September 4, 2012 at 4:29 am

A Song I Remember / ひとつの歌 / Hitosu no uta

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Kyoshi Sugita’s A Song I Remember shows the sure hand of a young cinematic minimalist. The simple story feels like something Antonioni would make, but with a slightly sentimental streak. Takeshi (Takenori Kaneko), a gardener, in his off time tracks stranger with his SX70, trying to capture perfect moments. Following one woman he freezes her image shortly before her falling (or being pushed?) to her death on the train tracks. He follows the man who may have killed her. He later (by chance or design?) meets the woman’s daughter, Toko (Yuri Ishizaka) and a relationship develops. In the meantime his life as a gardener intersects with the widow who’s hired him. The film ends with Takeshi revealing the last photo he took of Toko’s mother in a moving denouement. Sugita pushes whatever drama there may be offscreen. What’s left is life. His use of space, sound and time are remarkable, suspending the moments, creating a world imbued with mystery. He’s a master of subtle, but strong and moving movie space – a talent to watch.

Originally published in EL Magazine, Sept. 2012.

Written by Nicholas Vroman

September 3, 2012 at 4:25 am

Key of Life / 鍵泥棒のメソッド / Kagi Dorobo no Mesotdo

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At the end of his rope, underemployed actor, Sakurai (Masato Sakai) goes to the sento after failing to hang himself. At the sento he spies Kondo (Teruyuki Kagawa), who has decided to bathe after just cold-bloodedly murdered a businessmen. Kondo slips on a bar of soap in an over-the-top pratfall, knocking himself out into a state of amnesia. Sakurai sees his opportunity. He takes Kondo’s belongings and proceeds to live his life. Meanwhile, officematon, Kanae (Ryoko Hirosue) decides to schedule her upcoming marriage. Problem is, no fiancé. For a woman who likes order in her life, she sees no problem in finding her man. The man she finds is Kondo; now thinking he’s Sakurai. The crazy twists and turns of the plot make for a wild ride. With the bravura timing and comedic control of the three leads – in addition to a sweet supporting cast – show off the best of all of them. Like a comedy version of The Passenger, Kenji Uchida’s Key of Life digs into the nature of identity, but sans pretention.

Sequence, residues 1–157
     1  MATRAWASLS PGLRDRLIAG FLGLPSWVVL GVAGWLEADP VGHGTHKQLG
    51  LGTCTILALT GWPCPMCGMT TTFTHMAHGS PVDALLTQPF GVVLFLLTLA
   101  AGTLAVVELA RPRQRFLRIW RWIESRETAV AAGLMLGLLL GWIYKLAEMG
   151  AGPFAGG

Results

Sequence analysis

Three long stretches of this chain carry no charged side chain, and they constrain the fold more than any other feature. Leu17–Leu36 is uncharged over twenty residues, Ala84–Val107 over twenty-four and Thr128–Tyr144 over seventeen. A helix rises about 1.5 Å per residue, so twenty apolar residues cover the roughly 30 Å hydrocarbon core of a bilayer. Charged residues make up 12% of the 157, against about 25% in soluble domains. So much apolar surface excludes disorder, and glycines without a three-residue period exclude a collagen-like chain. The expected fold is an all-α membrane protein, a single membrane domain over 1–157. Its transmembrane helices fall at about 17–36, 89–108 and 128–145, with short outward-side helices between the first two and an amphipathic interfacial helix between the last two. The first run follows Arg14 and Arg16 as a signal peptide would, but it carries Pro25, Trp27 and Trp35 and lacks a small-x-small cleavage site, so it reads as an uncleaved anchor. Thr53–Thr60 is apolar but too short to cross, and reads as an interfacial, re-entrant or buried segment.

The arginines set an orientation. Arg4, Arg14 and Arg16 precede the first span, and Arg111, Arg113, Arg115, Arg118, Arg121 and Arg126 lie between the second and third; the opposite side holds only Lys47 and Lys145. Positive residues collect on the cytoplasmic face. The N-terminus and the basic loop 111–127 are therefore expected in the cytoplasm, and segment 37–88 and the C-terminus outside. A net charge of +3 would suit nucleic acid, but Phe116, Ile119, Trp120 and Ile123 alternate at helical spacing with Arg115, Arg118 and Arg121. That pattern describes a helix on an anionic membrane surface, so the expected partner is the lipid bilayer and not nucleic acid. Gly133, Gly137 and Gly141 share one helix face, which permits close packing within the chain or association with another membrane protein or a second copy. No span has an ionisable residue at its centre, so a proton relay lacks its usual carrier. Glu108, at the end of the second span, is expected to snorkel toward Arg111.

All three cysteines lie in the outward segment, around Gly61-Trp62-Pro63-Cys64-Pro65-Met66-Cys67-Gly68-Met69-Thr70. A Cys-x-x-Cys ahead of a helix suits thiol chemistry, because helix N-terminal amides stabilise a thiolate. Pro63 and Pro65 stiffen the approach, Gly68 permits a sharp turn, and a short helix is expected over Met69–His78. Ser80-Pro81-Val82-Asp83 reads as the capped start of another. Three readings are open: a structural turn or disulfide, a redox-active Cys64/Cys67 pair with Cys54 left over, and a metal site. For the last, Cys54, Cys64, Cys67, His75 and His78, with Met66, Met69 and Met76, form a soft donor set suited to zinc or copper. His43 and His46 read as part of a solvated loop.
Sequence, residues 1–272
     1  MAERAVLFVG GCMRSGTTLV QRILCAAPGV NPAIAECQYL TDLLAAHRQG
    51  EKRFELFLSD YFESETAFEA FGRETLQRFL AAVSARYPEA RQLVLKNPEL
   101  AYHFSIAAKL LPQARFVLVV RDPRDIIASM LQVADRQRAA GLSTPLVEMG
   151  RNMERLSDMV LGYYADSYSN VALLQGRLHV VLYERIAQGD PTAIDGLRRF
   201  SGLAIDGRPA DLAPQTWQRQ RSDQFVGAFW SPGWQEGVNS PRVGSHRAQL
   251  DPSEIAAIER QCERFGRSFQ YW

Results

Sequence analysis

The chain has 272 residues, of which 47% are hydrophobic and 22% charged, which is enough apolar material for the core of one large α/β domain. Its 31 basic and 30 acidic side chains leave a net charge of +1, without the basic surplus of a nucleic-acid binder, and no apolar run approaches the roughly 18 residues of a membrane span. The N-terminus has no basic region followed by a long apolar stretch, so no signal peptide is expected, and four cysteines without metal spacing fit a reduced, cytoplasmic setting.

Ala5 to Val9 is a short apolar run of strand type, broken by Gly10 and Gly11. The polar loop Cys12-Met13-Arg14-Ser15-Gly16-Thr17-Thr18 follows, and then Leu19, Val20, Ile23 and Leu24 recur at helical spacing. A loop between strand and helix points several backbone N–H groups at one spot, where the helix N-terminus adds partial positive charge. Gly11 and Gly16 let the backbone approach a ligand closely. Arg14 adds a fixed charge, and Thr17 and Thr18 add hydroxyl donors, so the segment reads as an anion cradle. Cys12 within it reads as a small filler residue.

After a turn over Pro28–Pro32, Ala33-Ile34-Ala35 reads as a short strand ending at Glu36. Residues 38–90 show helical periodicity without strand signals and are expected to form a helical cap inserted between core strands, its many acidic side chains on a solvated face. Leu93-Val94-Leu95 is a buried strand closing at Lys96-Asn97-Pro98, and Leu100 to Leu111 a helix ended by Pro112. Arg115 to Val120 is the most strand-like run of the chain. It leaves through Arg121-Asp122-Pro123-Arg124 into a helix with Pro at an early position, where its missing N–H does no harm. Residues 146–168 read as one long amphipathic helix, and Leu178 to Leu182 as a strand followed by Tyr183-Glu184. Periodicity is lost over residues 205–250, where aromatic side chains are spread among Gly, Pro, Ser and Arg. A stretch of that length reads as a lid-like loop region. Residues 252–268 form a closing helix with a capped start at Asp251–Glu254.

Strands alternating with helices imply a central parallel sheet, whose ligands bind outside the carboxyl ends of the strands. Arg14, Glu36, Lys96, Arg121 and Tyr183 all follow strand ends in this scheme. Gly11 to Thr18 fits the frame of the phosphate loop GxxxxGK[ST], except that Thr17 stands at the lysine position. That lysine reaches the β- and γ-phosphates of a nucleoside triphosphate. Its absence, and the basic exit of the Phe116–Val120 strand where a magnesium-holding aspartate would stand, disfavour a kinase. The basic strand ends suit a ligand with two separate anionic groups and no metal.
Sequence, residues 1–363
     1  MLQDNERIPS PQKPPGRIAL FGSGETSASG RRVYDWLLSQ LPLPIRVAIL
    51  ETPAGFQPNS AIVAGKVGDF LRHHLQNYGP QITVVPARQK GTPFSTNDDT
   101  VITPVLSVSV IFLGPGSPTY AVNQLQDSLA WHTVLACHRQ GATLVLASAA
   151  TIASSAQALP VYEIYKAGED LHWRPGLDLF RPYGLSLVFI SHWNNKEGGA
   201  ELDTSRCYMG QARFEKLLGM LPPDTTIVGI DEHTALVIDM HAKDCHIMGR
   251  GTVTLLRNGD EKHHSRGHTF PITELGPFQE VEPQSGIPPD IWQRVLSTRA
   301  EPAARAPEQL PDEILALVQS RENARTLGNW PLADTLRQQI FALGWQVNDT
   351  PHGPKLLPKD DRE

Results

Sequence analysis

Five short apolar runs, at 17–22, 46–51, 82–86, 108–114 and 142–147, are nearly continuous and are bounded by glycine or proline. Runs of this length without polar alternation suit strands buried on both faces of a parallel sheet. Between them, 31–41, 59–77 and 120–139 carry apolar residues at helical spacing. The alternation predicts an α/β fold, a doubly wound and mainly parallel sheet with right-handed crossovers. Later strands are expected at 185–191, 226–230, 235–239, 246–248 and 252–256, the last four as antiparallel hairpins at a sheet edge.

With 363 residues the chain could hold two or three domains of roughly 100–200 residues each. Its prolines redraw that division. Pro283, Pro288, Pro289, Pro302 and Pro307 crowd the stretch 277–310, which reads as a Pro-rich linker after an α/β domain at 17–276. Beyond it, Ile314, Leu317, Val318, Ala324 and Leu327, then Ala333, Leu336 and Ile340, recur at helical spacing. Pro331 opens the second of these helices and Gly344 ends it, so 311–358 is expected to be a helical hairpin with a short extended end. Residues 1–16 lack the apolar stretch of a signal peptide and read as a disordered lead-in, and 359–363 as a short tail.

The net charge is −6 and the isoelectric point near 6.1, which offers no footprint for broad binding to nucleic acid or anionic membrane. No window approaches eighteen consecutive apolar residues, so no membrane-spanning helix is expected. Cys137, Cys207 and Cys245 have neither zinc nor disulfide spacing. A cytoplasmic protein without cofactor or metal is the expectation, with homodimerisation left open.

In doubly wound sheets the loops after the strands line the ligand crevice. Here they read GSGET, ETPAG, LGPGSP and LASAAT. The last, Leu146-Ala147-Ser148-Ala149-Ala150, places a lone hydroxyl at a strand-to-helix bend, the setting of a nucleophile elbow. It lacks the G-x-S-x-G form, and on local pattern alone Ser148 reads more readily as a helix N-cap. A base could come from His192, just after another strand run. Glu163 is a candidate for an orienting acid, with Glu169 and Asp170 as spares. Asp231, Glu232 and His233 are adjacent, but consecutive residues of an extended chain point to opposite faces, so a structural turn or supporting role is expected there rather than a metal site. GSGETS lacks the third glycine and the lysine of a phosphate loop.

Originally published in EL Magazine, Sept. 2012

I’m Flash!

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Following up hard and fast on his disturbing masterpiece, Monsters Club, director Toshiaki Toyoda’s I’m Flash! doesn’t quite have the depth or resonance of his previous effort. In fact it’s pretty much a mess despite some moments of bravura filmmaking. Part gangster story, part send up of charismatic spiritual charlatans and part junket to take an all-star cast to vacation in Okinawa, it starts well enough with a beautifully choreographed car crash deus ex machina that obliquely sets the ball in motion for a pampered tele-spiritualist, Rui (Tatsuya Fujiwara) to hire a trio of bodyguards (Ryuhei Matsuda, Kento Nagayama, Shigetu Nakano) to protect him from further scandal. As the back-story unfolds and the simplistic pyschobably tale progresses under more and more baroque plot twists, the entire endeavor spins into a stasis of undeveloped ideas and pointless connections, albeit in a beautiful beach setting. Word up was that Toyoda had been working for years on what would be his genre film masterpiece with I’m Flash. He needed a little less flash and a little more substance.

Originally published in EL Magazine, Sept. 2012

Written by Nicholas Vroman

September 1, 2012 at 4:17 am